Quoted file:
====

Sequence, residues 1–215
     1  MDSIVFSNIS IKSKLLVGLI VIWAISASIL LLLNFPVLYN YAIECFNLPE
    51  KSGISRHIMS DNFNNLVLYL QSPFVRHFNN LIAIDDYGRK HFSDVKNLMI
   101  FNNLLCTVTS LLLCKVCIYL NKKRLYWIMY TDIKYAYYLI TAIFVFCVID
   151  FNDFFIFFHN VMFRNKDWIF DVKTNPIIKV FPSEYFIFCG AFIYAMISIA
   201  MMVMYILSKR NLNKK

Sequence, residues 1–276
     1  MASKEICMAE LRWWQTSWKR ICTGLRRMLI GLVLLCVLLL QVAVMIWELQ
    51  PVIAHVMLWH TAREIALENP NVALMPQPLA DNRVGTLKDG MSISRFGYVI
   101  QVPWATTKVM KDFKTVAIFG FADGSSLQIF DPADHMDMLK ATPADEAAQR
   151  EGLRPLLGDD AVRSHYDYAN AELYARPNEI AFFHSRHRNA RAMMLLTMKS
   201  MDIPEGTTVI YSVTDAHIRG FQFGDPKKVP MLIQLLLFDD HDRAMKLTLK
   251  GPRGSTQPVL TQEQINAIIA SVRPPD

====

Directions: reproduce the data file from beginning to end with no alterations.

Sequence, residues 1–215
     1  MDSIVFSNIS IKSKLLVGLI VIWAISASIL LLLNFPVLYN YAIECFNLPE
    51  KSGISRHIMS DNFNNLVLYL QSPFVRHFNN LIAIDDYGRK HFSDVKNLMI
   101  FNNLLCTVTS LLLCKVCIYL NKKRLYWIMY TDIKYAYYLI TAIFVFCVID
   151  FNDFFIFFHN VMFRNKDWIF DVKTNPIIKV FPSEYFIFCG AFIYAMISIA
   201  MMVMYILSKR NLNKK

Sequence, residues 1–276
     1  MASKEICMAE LRWWQTSWKR ICTGLRRMLI GLVLLCVLLL QVAVMIWELQ
    51  PVIAHVMLWH TAREIALENP NVALMPQPLA DNRVGTLKDG MSISRFGYVI
   101  QVPWATTKVM KDFKTVAIFG FADGSSLQIF DPADHMDMLK ATPADEAAQR
   151  EGLRPLLGDD AVRSHYDYAN AELYARPNEI AFFHSRHRNA RAMMLLTMKS
   201  MDIPEGTTVI YSVTDAHIRG FQFGDPKKVP MLIQLLLFDD HDRAMKLTLK
   251  GPRGSTQPVL TQEQINAIIA SVRPPD